L.A.’s minimum wage to rise to $15 by 2020 (L.A. Times)
A relevant story given that Metro’s latest customer survey showed that the average household income for bus riders was about $15,500 — and $22,000 for rail riders. Of course, Metro serves many parts of Los Angeles County whereas the minimum wage hike will take effect only in the city of Los Angeles (about 40 percent of the county population-wise).
Some labor leaders have expressed dissatisfaction with the gradual timeline elected leaders set for raising base wages. But on Tuesday the harshest criticism of the law came from business groups, which warned lawmakers that the mandate would force employers to lay off workers or leave the city altogether.
I’m curious to see what, if any, effect the wage hike has on Metro’s proposed ballot measure for the Nov. 2016 ballot. As we posted recently, one possible scenario has Metro asking voters to approve an additional half-cent sales tax increase.
Business groups were largely supportive of Measure R and the many transportation projects funded, including an expansion of the transit system. A wage hike and a sales tax increase are two very different things, but both involve spending money.
Of course, there’s another way of looking at it, expressed by L.A. Councilmember and Metro Board Member Mike Bonin when asked if the wage increase would have unintended consequences:
“Those concerns about potential unintended consequences are also balanced against the very real and known consequences we have and we see in Los Angeles every day of people getting a poverty wage for working full time,” he said.
The New Yorker’s John Cassidy also provides a very interesting commentary, saying L.A.’s minimum wage increase is a “fascinating experiment” — and one in which he praises.
As an exercise in participatory politics, the success of the living-wage movement is encouraging, and the new laws, when they come into effect, will have a significant impact on the lives of low-paid workers and their families. Someone who works a forty-hour week and earns $7.25 an hour receives an annual wage of fifteen thousand and eighty dollars, before deductions for Social Security and Medicare. That’s more than nine thousand dollars below the federal poverty threshold for a family of four, and is marginally below the threshold for a family of two. At fifteen dollars an hour, the annual wage rises to thirty one thousand two hundred dollars, which is well above the poverty thresholds.
As Cassidy points out, many other large cities have or are in the midst of raising the wage. He also cites numerous research that shows job losses due to wage increases are basically negligible. In fact, he cites research saying that a minimum wage increase could result in a job increase because workers have more money to spend.
It’s also worth mentioning that Metro does offer fare discounts to a variety of groups, including those who earn low incomes. Please see this page on metro.net for more information and how to apply.
The legal settlement includes no admission of wrongdoing. The man was hit by a train at a pedestrian crosswalk at the Southwest Museum Station in 2009 and lost his foot in the accident. New warning signals were placed at the crosswalk after the accident to better warn people that trains were coming from both directions, according to Metro.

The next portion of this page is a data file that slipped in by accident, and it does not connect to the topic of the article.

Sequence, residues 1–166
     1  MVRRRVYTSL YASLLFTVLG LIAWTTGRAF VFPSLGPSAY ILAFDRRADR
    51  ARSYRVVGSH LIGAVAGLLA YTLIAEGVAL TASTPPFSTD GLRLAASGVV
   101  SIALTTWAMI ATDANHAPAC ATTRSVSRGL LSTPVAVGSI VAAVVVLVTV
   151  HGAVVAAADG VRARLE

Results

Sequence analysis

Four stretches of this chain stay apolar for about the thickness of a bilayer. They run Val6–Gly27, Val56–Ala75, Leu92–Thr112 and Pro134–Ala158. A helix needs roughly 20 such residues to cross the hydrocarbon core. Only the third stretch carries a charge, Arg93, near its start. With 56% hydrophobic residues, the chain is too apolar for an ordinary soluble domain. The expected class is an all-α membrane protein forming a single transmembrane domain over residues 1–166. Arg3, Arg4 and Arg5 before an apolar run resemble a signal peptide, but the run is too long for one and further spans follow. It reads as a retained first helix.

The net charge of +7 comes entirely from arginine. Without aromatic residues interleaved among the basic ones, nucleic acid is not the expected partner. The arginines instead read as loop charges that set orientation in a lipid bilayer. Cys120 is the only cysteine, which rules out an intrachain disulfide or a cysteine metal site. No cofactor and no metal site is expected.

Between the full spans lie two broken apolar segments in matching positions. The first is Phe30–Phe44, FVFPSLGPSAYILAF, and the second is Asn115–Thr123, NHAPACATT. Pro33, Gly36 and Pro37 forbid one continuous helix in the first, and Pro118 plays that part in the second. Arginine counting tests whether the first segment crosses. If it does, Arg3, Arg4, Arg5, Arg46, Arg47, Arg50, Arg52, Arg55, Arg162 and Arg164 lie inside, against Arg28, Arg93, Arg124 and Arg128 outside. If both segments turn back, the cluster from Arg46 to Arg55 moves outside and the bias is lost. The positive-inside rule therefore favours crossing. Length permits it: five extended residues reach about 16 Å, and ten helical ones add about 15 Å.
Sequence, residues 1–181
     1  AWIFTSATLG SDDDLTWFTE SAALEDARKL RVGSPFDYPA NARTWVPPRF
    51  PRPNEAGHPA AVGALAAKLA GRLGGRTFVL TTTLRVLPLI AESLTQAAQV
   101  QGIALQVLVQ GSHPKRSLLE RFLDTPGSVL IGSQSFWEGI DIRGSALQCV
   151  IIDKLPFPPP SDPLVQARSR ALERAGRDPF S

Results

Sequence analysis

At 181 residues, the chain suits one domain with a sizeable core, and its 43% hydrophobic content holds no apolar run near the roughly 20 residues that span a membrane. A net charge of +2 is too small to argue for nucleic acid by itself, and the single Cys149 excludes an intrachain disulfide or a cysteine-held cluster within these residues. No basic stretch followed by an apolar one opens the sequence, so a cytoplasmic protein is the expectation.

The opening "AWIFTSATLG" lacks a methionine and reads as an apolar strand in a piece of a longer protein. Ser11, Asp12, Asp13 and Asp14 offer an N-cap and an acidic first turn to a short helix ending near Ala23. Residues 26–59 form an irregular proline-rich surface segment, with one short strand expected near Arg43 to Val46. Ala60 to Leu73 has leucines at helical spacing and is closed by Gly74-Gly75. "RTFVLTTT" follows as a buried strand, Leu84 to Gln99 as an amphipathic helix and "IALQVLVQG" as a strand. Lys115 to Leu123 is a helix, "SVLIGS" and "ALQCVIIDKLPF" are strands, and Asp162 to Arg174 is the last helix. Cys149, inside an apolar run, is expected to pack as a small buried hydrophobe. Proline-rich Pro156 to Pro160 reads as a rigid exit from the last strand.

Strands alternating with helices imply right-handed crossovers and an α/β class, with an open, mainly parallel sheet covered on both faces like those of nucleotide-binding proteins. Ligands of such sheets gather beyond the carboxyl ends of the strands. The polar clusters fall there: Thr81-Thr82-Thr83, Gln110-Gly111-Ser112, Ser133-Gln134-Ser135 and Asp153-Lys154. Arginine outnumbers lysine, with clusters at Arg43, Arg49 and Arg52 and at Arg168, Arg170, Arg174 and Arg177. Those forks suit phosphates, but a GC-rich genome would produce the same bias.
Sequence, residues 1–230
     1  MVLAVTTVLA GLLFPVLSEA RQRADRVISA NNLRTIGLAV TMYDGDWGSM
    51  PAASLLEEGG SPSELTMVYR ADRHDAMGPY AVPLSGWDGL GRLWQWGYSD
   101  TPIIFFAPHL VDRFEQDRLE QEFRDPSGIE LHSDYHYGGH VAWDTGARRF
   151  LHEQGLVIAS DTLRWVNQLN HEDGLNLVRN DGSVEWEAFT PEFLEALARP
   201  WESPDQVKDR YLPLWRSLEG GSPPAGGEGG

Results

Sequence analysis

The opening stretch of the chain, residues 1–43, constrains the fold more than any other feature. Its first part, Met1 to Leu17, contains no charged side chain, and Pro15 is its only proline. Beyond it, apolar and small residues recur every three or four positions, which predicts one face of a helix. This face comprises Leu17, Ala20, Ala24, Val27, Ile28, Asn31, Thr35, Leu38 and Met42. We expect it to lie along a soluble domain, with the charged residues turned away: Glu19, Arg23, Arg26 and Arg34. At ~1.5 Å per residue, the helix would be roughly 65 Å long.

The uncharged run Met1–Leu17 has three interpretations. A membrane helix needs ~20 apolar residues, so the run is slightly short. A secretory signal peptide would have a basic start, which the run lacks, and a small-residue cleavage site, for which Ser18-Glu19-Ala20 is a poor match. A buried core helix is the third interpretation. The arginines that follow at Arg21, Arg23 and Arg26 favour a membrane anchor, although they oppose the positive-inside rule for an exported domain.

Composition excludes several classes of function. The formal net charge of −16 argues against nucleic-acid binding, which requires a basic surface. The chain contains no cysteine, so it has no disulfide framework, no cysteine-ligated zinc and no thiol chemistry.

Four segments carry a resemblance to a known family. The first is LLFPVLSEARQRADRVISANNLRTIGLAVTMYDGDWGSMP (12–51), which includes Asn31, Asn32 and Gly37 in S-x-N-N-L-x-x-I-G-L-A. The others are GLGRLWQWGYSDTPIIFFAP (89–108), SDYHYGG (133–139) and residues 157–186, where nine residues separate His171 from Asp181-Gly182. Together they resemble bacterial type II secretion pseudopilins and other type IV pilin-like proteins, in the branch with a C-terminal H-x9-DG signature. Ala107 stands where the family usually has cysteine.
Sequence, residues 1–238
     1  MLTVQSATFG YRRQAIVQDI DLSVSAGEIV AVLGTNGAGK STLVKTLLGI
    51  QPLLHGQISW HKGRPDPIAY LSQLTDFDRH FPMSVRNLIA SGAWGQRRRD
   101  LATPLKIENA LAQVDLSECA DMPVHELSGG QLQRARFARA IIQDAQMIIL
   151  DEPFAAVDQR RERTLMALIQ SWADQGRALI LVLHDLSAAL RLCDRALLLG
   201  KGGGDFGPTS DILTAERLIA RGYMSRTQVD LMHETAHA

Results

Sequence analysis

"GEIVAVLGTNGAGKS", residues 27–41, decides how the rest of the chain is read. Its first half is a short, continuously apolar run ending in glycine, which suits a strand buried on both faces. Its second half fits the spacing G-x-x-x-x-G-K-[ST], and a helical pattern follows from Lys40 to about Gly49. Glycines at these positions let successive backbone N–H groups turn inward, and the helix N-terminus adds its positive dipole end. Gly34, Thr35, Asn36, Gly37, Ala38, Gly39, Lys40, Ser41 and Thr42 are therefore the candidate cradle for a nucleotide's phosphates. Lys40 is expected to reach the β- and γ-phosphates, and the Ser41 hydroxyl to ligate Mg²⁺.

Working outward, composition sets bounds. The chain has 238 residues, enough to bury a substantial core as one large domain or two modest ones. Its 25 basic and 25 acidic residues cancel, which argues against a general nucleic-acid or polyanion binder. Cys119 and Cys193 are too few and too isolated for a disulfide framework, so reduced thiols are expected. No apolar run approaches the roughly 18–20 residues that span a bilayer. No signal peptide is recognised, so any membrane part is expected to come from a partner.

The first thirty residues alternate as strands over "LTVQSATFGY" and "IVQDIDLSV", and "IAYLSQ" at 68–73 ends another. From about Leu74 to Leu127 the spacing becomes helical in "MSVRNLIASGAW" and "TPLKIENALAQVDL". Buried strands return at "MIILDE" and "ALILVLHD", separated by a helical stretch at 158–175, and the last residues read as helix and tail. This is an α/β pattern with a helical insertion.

Leap is one of the so-called luxury buses trolling San Francisco for riders willing to fork over significantly more money than it costs to ride a city bus. But Leap has had to stop operations because of various state concerns and incomplete paperwork. Leap officials say they’ll be back on the road in no time. We shall see.
An un-skeptical clickbait/rehash of the Walkscore list, which said Cambridge, Mass., as number one. The top 10 has a lot of college towns — the largest city is Minneapolis, which last I heard sometimes gets some snow and chilly temperatures and has simply lovely biking weather 24/7/365. Santa Monica comes in sixth.
That’s nice. SaMo has gone to great lengths to build bike lanes but No. 6 seems a tad generous when compared to the rest of the U.S. SaMo also has a bit of a car traffic issue and even the beach bike lane is often congested with bikes, walkers, rollerbladers, skaters and Segways. Long Beach, on the other hand, has a beach bike lane and an adjacent walking path — a wiser approach, IMO.
Los Angeles is very, very busy (Zocalo Public Square)
The latest in Zocalo’s ongoing series of profiles of Metro riders.
Quasily-related to transit:
•Things to watch on transit: For those riders or cubicle dwellers/prisoners with a good internet connection: Great band, great song and great montage of clips to close out David Letterman’s late night run.
•I found a taker for my offer of a free book. Video below of Heather taking the solemn oath to gift Bill Bryson’s “One Summer: America 1927” to another transit rider when she’s done reading it:
Next freebie book: “Great White Fathers: The Story of the Obsessive Quest to Create Mt. Rushmore” by John Taliaferro. First person to email me gets the book (and it’s a hardcover!).
•Things to listen to on transit: “The Songs That Makes Us Cry,” NPR’s All Songs Considered podcast. Many of the suggestions come from listeners and let’s just say I wouldn’t have guessed the first song played in a million years. One song mentioned in the comments worthy of consideration:
Categories: Transportation Headlines